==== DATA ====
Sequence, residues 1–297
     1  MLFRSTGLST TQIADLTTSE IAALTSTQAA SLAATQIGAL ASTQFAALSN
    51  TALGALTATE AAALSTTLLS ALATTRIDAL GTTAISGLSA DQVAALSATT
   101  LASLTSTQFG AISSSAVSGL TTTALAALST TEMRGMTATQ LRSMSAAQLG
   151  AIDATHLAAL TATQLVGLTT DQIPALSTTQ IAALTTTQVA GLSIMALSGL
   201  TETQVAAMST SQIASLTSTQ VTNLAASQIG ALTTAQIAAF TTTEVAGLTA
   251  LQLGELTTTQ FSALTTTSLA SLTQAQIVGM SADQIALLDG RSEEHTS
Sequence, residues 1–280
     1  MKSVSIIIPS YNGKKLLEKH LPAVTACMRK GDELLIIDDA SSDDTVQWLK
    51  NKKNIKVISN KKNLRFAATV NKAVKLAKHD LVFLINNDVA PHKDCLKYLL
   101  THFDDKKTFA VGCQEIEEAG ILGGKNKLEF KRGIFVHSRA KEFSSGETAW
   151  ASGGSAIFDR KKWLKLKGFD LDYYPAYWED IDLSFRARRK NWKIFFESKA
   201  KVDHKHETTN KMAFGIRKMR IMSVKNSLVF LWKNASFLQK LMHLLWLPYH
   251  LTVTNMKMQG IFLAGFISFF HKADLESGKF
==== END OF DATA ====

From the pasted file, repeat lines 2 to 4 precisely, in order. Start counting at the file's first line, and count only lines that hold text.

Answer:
     1  MLFRSTGLST TQIADLTTSE IAALTSTQAA SLAATQIGAL ASTQFAALSN
    51  TALGALTATE AAALSTTLLS ALATTRIDAL GTTAISGLSA DQVAALSATT
   101  LASLTSTQFG AISSSAVSGL TTTALAALST TEMRGMTATQ LRSMSAAQLG